It also becomes much faster to rule out some suspicions as to what could cause the bug since you can check if there is a test that is covering what you think could be happening or not.

Another reason for few bugs is that you have to have a clear understanding on what the requirements are. If they are not clear, you can’t write a meaningful test and are forced to talk to the stakeholder about it.

No Need to Fear Legacy Code

TDD will make sure you have a lot of test cases even if you just cover the success cases initially. Ideally you will also cover the common error cases. Any bugs you fix will also require you to create a test case for it. The more tests you have, the less likely it will be for you to break legacy code should you need to work on it, making it less painful to work with for anyone who has to.

You Cannot Lose Your Way

One of the issues that completely went away with Test Driven Development was the issue of “running out of time and forgetting where you were”. Whenever I have to leave my work half-done for whatever reason (meeting, work day is over, weekend), in non-TDD projects I often have to spend some time to figure out what I was doing and what I have to do next. With TDD, you just execute the tests and see what fails. Worst case you quickly match which requirements of your task already exist in the tests you have written. I usually left an intentional fail() at the end of the last test I have been working on to help me get into the task again if the test was not complete yet but had no failures at the moment.

Finally, TDD really helped me to keep my focus because the development cycles are small both in terms of time and scale. I feel like this caused me to be done faster with my task than I would’ve otherwise been, although I can offer no hard data for this claim. I also had high confidence that my code is working correctly, which is good for motivation.

TDD is Not a Silver Bullet

Even though TDD will prevent a lot of bugs from slipping through the cracks, there are some things it will simply not protect you from.

Race Conditions

Wallet is a high availability system that handles requests in parallel both in the same process as well as on different instances. TDD will not decrease the likelihood of you missing these cases. We had to become painfully aware of this when we first deployed the rewritten Wallet.

Misunderstood Specification

If you work on wrong assumptions, no amount of TDD is going to help you. You will simply write wrong tests and then create the right code to make those tests pass.

Concentration

Unfortunately developers are usually still human. Anything that causes a lapse in concentration, be it interruptions, noise, exhaustion or similar, will make it more likely for you to make mistakes. If that happens while you write a test in TDD, you might miss an important condition to test or just create a downright wrong test that doesn’t match what your task requires.

Bugs With Completely Unknown Cause

One occasion where you just can’t use Test Driven Development is when you observe a faulty behavior, but you have absolutely no idea what could be causing it. Writing regression tests requires you to understand the difference between what is supposed to happen and what is happening right now, so there is just no way to do that without first poking around in the production code and then create the test after you located the problem.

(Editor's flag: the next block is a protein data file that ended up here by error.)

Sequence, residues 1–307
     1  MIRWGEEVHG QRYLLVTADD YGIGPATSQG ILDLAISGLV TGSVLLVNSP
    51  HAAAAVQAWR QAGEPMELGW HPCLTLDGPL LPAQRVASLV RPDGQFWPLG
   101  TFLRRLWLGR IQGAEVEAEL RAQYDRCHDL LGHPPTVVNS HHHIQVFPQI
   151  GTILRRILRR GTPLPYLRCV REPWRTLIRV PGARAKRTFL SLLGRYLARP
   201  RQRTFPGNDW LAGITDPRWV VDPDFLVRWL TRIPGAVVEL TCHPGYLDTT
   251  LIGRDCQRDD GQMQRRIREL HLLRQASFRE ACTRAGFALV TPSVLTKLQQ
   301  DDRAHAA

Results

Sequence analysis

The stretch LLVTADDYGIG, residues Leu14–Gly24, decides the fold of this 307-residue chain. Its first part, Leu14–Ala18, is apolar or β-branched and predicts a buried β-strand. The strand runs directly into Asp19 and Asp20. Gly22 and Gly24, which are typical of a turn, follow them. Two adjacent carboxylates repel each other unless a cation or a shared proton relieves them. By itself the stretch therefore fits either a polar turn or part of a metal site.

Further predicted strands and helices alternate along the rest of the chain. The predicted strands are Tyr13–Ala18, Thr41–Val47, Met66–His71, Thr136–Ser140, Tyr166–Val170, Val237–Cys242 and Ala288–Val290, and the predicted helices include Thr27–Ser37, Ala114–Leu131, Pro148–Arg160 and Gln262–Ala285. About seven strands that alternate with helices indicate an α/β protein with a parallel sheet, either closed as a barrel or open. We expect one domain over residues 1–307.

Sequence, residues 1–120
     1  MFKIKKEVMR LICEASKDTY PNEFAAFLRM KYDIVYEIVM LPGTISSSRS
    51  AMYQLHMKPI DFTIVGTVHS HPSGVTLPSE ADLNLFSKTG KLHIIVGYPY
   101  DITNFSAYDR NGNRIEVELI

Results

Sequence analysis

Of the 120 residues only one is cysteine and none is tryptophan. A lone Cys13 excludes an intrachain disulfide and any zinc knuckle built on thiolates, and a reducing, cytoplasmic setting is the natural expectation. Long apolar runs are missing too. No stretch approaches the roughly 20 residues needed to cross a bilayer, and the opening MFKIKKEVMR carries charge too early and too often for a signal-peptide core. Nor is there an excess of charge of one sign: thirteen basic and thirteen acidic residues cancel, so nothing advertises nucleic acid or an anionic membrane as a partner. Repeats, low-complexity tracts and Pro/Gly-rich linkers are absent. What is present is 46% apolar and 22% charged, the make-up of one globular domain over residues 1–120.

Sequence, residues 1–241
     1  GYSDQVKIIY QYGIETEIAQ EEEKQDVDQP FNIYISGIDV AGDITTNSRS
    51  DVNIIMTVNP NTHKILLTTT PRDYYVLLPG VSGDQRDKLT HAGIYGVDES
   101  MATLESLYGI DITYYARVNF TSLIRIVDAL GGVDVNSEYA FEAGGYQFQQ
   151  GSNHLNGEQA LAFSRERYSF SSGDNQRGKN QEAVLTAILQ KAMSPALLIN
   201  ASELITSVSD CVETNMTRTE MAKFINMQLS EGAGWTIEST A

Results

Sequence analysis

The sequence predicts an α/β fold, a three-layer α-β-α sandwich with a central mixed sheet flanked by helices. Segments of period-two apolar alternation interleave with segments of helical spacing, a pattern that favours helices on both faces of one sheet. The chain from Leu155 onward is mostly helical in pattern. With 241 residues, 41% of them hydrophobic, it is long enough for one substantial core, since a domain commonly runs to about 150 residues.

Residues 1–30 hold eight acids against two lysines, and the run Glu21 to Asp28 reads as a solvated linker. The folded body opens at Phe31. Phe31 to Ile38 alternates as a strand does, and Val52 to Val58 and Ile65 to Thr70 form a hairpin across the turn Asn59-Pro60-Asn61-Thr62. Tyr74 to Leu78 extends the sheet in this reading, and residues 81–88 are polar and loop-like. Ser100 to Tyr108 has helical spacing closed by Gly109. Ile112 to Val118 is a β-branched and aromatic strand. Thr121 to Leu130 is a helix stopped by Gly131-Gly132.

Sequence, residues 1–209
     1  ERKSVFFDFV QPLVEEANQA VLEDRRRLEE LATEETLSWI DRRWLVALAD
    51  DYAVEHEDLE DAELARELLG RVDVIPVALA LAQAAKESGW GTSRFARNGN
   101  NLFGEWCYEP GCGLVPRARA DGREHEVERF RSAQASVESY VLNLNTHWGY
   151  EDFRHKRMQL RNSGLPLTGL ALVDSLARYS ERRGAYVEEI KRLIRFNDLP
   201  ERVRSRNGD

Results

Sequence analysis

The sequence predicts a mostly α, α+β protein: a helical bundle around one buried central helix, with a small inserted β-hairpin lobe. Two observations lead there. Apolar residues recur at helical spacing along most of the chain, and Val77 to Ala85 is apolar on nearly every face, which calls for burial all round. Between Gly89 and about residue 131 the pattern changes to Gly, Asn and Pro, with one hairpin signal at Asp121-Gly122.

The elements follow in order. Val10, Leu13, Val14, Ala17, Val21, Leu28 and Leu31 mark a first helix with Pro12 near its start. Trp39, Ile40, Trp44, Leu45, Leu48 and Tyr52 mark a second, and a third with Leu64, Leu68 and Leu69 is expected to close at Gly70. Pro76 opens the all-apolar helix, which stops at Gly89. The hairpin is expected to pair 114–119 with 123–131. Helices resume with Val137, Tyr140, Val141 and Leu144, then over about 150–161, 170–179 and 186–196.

Why Not Just Write Good Tests Later?

Of course, if you and your team consistently wrote tests for all code you create, you would see many of the benefits of TDD, but not necessarily all of them. But in my experience, there are many reasons why this doesn’t always happen, many of which involve the desire of the developer or stakeholders to ship the next project or feature quickly.
You’d also have to be completely unbiased in writing the test code. It can easily happen that you write the test according to the code you have created, rather than the actual requirements. This would mean you are just nailing down your implementation, which can be wrong.

TDD is a means to ensure you do not forget or skip writing tests, at the very least for “the happy path” and expected error conditions. It also helps you to keep any change you make small and focused, rather than solving a big problem all at once. This further reduces the likelihood of making mistakes and often actually speeds up development.

The larger your change is, the more effort (and thus, time) you have to spend to go through all the code you created again and write meaningful tests for it.

Finally, you can’t run into the situation of having untestable code because of your architecture, since you create the test first and the code to make it pass afterwards. So you will never have to do a refactoring after you are done with the implementation just to get testable code.

Conclusion

For me personally, rewriting the Wallet using a Test Driven approach was a very good experience and I have been using this approach in other existing projects for my tasks whenever possible. Because of the positive effects I outlined above, I highly recommend anyone to try it, even if it takes a bit of discipline to not think about the solution before or while writing the test cases or if it feels a bit mundane to create tests for very simple services sometimes.